New light shed on cause of lung injury in severe flu

While some scientists report engineering a super virulent strain of the H5N1 influenza virus, which could potentially wipe out a significant percentage of the human population, another group of researchers from the United Kingdom now reports a discovery that may one day help mitigate the deadly effects of all flu strains. This report, appearing in the March 2012 print issue of the Journal of Leukocyte Biology, describes findings that may help prevent deaths from severe flu outbreaks, especially from seemingly healthy young people. Specifically, the researchers found that immune cells called, "natural killer T cells," may reduce the overwhelming numbers of another type of immune cell, called "inflammatory monocytes," which when present in large numbers, lead to lung injury at the end stage of severe flu infection.

"We hope this study will ultimately benefit individuals—especially the young—who succumb to a severe form of flu infection," said Ling-Pei Ho, M.D., Ph.D., the researcher who led the work from the MRC Human Immunology Unit, Oxford University in Oxford, United Kingdom. "The study highlights a key immune process that occurs in severe flu infection, and provides a platform for a new approach and further research in this area."

To make their discovery, scientists infected three groups of mice with H1N1 flu virus. (Note: this is NOT the H5N1 flu virus that has been at the center of recent controversy.) The first group included normal mice; the second group was devoid of natural killer , and the third was given a treatment that specifically activated natural killer T cells. Researchers observed the outcome of flu infection and found that the mice without natural killer T cells did worst, and those with activated killer T cells did best. Mice that lacked natural killer T cells had increased amounts of monocytes in the lungs, and severe lung injury similar to those seen in Spanish flu and lethal swine flu. Using highly-sensitive fluorescent antibody technology, this study was one of the first to document the sequential changes in innate immune response in the lungs during severe flu infection. These findings essentially provide a "road map" of the chronological changes in the lungs during severe flu infection.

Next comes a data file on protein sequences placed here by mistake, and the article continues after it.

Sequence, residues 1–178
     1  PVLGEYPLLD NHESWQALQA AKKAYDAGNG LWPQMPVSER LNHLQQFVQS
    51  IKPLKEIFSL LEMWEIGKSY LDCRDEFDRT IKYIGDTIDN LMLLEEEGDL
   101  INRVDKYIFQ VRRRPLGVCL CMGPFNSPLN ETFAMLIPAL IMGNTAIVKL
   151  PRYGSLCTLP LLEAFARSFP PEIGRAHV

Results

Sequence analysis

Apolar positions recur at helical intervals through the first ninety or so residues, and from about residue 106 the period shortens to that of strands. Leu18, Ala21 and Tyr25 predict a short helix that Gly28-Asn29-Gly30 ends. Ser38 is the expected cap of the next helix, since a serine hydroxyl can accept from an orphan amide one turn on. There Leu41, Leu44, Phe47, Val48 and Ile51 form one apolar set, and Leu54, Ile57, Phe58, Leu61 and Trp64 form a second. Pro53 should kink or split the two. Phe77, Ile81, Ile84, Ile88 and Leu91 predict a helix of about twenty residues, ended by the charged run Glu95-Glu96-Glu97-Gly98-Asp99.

"Despite affecting practically everyone, the flu may be one of the most underestimated viruses in terms of its devastating potential," said John Wherry, Ph.D., Deputy Editor of the . "As the H5N1 research shows, it is quite possible for the virus to mutate or be bioengineered into a form that could wipe most of us out. What most people don't realize is that the severe illness from these is caused by both the virus and an overaggressive or inappropriate immune response. Research like this, however, offers hope that we'll be able to find more universal ways improve the effectiveness of immunity and combat the severe strains of the flu."

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